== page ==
November 17, 2011
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Que Lastima – Spain in a Vice as Interest Rates and Unemployment Soar

I’ve been writing about the impossibility of the ECB running appropriate monetary policy for 17 different nations. The dilemma couldn’t be more evident when contrasting the economy of Spain with the economy of Germany. Spain actually has less sovereign debt relative to GDP than does Germany. The problem for Spain isn’t the level of debt the country has incurred, but the depth of the current recession and the questionable capitalization of the Spanish banking system. Spanish inflation is running in a range of 1.7%-3.0% depending on how you define it (1.7% core inflation). This morning, bond auctions in Spain only attracted investors at much higher yields, approaching 7%. As a result of higher interest rates and a deepening recession (which is helping to reduce inflation), real interest rates in...

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Europe’s Crisis Spreads as Spain, Belgium, France, the Euro and EU-17 get Questioned – How Does It End?

November 16, 2011
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Europe’s Crisis Spreads as Spain, Belgium, France, the Euro and EU-17 get Questioned – How Does It End?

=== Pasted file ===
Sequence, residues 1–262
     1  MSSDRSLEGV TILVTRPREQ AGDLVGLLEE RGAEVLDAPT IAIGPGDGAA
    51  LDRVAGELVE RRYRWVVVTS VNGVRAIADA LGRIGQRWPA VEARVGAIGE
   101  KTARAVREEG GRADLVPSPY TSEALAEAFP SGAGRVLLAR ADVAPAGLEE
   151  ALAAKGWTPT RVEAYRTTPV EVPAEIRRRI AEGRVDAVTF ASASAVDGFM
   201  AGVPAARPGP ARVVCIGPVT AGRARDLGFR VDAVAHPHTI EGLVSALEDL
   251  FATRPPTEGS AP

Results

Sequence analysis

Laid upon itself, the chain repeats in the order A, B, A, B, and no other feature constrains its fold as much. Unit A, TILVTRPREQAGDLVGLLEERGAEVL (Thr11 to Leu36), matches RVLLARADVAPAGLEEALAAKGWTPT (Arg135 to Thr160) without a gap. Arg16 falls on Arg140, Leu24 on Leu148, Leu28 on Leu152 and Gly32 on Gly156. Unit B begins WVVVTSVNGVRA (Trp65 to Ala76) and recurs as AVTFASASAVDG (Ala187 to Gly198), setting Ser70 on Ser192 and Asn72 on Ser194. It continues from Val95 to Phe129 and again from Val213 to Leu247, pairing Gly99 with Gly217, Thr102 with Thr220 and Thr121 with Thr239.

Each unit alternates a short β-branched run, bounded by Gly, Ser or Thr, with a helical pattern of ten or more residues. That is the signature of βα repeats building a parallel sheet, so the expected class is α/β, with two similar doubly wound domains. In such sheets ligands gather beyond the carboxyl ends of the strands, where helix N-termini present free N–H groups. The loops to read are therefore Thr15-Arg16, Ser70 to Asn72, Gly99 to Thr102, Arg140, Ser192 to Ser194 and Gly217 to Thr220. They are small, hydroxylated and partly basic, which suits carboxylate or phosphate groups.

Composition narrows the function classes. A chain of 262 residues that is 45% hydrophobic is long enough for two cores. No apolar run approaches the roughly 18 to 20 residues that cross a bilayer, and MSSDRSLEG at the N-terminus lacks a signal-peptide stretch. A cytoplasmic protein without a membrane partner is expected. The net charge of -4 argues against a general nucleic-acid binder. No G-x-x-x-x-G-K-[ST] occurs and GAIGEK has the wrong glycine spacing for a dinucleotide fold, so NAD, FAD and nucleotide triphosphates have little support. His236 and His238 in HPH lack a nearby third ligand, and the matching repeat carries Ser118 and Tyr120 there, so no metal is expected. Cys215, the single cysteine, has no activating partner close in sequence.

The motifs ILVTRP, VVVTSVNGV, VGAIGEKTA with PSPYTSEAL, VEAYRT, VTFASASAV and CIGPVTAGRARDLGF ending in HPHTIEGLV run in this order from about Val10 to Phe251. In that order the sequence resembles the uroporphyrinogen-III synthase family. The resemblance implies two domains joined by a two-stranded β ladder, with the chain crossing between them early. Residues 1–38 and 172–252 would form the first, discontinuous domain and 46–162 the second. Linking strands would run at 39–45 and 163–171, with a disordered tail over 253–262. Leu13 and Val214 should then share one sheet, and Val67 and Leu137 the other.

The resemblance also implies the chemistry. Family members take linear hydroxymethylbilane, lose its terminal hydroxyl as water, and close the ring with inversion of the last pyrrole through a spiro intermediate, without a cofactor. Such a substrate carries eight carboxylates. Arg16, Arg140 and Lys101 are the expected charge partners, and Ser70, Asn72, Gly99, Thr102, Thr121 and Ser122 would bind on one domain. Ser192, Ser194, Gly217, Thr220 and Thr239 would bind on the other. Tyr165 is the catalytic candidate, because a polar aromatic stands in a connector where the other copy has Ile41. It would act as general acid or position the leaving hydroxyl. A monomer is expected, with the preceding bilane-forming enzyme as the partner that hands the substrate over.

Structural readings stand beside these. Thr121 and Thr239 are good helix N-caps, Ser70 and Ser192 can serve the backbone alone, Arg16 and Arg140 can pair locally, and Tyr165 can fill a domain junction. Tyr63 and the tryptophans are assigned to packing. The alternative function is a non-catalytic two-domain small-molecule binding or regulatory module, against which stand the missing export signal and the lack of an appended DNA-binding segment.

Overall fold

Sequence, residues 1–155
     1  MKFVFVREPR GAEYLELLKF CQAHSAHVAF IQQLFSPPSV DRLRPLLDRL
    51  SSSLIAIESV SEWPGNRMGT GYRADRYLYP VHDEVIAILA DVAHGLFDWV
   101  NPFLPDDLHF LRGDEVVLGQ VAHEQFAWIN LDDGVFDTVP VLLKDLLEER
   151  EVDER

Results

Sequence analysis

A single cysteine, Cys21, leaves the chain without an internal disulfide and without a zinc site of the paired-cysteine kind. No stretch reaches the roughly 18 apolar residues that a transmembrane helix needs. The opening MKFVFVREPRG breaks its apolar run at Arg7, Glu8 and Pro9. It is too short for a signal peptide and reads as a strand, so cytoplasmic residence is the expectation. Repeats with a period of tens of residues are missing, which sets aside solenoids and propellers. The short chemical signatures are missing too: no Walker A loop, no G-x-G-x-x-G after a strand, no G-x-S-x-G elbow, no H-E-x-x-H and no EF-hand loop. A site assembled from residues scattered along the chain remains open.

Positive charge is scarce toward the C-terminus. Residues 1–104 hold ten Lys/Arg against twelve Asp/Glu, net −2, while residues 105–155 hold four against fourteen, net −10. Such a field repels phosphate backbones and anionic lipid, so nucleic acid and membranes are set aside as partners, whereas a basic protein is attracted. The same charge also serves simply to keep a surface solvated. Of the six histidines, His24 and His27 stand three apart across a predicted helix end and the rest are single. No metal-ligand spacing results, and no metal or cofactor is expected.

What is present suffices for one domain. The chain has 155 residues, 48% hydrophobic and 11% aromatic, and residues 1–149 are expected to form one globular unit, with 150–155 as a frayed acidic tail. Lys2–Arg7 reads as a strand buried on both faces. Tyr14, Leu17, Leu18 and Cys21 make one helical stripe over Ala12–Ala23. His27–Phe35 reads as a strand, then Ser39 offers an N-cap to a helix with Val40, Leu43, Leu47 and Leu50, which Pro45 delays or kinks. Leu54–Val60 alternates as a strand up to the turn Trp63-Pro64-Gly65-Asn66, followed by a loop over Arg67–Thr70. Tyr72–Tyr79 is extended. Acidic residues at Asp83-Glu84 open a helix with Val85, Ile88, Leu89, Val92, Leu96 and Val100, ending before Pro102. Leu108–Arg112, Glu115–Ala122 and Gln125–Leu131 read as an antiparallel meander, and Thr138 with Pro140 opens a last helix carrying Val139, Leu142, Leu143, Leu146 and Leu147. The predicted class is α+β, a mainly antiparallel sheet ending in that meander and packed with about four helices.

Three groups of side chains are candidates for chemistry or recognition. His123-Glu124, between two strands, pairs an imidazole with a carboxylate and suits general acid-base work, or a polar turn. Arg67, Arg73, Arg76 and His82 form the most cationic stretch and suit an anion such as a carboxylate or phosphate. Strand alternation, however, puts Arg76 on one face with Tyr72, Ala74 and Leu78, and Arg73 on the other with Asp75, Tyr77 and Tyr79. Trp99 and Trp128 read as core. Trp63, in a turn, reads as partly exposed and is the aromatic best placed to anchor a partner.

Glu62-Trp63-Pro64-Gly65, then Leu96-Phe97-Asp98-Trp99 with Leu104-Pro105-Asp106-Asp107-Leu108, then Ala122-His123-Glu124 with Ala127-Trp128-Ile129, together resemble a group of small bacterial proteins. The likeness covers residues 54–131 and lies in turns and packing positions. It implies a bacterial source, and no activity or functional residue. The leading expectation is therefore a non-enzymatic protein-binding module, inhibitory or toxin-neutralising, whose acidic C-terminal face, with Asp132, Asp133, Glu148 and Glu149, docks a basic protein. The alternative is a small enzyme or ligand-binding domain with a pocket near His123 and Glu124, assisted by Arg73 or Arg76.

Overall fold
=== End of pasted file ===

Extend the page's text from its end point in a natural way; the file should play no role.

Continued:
For a number of months, the financial crisis in Europe has been explained under the guise of sound versus unsound policy. If this were indeed the case, the fix would be simple; eliminate unsound and unsustainable policy and voila, the problems would just go away. European leaders have shifted blame continuously from one problem to the next. First the issue was speculators, then Greece, then Ireland, then Portugal, then Spain, then Belgium, then Italy, then the need for austerity, then the macro economy, and now the problem has erupted to everywhere. The current set of events will hopefully amount to a positive development as it becomes clear that the problem is the construct of the Eurozone itself. Europe’s misguided attempts to reform its way out of a crisis are...

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Europe Must Decide Its Future – Self Induced Financial Crisis Has Led Europe to the Brink

November 10, 2011
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Europe Must Decide Its Future – Self Induced Financial Crisis Has Led Europe to the Brink

After Wednesday’s market action around the world, it’s a good time for a big picture assessment on the state of the financial markets. The attitude out of Europe has pendulated between nonchalance and vitriolic attacks among the EU-17. Italian sovereign rates spiraling above 7% have brought the eleventh hour upon the region. Escalation of the crisis has caused all types of forward looking investment to become somewhat of a farce. The environment of complete and utter policy uncertainty will no longer be withstood by markets as the full scale part of the European financial crisis enters its fifth month. After bungling the first few opportunities to implement a fix, it has become clear that dramatic action will be required to keep the Eurozone intact. The problems of the Eurozone’s...